Voices of marriage and family therapists of color: An exploratory survey

Elizabeth Wieling, Mudita Rastogi

Research output: Contribution to journalArticlepeer-review

12 Scopus citations


A survey was sent to members of the AALANA (African American, Latino/a, Asian and Native American) group, and other Marriage and Family Therapists (MFTs) of color. The survey contained questions regarding the participant's experiences around multicultural training in their graduate programs, the impact of their own ethnic identity on their work, their experiences within AAMFT (American Association for Marriage and Family Therapy), and areas related to multi-Elizabeth culturalism that they believe need further research. Fifteen participants responded to the survey. The data were analyzed using qualitative methods. Results indicated that the participants rated their multicultural training as being inadequate and expressed the need for a more diverse training environment. All participants felt their own ethnicity had a tremendous impact on who they were and on their clinical work. Experiences within AAMFT were reportedly mixed with some positive and negative responses. The participants identified a variety of important areas for further research. The findings suggested in this study have important implications for training programs, educators, AAMFT, and the field in general.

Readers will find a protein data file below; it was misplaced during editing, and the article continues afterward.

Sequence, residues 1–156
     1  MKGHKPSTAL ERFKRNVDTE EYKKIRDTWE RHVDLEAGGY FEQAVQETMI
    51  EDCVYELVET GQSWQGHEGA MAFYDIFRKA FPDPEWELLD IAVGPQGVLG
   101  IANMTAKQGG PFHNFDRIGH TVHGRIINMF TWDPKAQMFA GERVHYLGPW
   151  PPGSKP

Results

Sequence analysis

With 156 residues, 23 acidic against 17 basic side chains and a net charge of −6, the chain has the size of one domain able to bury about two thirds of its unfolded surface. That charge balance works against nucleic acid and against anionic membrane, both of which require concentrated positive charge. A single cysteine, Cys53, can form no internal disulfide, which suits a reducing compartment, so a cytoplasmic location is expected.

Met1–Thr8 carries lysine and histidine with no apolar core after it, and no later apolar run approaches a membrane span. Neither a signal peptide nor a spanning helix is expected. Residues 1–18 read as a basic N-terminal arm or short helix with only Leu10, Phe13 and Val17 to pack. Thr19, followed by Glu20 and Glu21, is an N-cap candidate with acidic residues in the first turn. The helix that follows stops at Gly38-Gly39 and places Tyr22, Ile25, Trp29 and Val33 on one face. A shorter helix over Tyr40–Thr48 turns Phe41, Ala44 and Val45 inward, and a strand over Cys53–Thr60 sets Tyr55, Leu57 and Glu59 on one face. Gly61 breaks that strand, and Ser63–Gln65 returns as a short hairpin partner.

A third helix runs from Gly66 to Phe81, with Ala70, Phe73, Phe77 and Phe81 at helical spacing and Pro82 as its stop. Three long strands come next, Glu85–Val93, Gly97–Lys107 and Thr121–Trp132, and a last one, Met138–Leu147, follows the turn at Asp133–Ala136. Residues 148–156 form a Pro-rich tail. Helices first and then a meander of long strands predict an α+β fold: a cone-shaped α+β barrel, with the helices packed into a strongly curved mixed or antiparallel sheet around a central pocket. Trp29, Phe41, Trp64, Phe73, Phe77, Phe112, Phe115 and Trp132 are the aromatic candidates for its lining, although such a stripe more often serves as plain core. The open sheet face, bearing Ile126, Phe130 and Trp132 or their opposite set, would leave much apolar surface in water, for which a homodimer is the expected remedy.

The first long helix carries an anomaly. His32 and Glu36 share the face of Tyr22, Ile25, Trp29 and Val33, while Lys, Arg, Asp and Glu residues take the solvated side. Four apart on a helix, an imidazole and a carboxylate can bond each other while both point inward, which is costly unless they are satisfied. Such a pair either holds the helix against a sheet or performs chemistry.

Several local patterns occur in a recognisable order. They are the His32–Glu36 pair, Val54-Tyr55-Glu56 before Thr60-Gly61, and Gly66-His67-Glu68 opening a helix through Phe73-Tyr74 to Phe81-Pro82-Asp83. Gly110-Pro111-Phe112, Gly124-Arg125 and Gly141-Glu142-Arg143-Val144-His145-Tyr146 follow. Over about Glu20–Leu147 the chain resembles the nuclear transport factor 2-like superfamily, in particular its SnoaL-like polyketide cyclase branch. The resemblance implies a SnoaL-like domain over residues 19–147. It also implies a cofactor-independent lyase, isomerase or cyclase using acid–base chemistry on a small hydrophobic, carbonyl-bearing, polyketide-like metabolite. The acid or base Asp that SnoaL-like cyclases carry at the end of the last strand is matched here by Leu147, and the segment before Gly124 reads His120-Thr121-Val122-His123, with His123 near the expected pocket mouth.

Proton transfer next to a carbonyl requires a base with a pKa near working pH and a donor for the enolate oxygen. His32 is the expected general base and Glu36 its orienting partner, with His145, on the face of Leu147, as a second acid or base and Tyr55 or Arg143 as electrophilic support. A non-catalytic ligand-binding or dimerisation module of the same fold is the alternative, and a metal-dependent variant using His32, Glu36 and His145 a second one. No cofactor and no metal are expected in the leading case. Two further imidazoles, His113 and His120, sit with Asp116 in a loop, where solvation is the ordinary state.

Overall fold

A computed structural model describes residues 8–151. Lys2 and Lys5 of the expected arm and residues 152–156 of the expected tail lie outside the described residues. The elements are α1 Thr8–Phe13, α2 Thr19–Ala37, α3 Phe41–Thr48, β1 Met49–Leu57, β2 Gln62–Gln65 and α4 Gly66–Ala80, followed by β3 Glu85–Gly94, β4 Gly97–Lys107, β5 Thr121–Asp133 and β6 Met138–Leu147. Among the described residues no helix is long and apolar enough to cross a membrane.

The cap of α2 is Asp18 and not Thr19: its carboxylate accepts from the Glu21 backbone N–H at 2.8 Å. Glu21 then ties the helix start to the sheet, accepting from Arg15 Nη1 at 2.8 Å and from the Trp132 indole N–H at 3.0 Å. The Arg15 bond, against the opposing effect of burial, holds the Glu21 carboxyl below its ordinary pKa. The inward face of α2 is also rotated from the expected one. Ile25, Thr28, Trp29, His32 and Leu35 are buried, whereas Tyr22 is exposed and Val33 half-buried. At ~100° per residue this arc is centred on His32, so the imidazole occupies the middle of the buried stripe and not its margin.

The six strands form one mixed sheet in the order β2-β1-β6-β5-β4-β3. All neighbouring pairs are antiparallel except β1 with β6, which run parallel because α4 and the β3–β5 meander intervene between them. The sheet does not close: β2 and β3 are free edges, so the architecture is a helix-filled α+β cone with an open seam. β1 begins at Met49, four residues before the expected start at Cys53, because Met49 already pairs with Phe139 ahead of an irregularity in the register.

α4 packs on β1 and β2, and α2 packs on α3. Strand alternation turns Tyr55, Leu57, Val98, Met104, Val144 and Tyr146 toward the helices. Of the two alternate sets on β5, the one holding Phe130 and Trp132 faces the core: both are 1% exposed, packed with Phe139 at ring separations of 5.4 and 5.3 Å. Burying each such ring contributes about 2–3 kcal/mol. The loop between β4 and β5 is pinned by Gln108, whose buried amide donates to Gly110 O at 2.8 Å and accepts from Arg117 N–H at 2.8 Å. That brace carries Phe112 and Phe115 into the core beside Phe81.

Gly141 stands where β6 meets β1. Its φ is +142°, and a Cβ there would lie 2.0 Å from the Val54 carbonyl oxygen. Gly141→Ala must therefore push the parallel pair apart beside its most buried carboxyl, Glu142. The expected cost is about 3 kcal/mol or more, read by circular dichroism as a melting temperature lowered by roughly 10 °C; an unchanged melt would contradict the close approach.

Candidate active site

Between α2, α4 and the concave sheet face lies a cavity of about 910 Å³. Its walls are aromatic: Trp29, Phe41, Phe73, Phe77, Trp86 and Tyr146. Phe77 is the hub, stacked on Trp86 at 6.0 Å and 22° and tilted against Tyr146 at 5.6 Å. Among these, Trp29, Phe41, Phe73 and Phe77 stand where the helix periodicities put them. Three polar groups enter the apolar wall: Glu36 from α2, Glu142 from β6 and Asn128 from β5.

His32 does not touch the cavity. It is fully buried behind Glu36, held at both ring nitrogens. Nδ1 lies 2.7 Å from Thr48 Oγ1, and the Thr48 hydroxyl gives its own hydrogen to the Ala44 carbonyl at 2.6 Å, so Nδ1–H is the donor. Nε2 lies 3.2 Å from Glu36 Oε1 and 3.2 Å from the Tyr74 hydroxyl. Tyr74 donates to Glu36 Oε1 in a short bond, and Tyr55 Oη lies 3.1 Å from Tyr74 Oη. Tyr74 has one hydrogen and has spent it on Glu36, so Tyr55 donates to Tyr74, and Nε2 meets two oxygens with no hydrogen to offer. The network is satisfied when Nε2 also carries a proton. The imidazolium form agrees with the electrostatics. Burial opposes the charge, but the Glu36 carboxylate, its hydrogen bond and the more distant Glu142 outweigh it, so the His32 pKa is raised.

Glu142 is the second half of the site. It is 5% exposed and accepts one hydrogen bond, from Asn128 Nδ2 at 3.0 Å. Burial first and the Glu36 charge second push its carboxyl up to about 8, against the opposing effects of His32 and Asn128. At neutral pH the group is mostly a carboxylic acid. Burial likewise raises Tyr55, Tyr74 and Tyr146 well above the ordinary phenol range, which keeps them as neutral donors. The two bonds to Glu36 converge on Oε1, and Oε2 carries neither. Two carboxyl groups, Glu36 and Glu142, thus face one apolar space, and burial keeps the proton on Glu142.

Original languageEnglish (US)
Pages (from-to)1-20
Number of pages20
JournalJournal of Feminist Family Therapy
Issue number1
StatePublished - Apr 15 2004
Externally publishedYes


  • Ethnic minority clinical training
  • Ethnic minority therapists
  • MFTs of color

ASJC Scopus subject areas

  • Gender Studies
  • Applied Psychology


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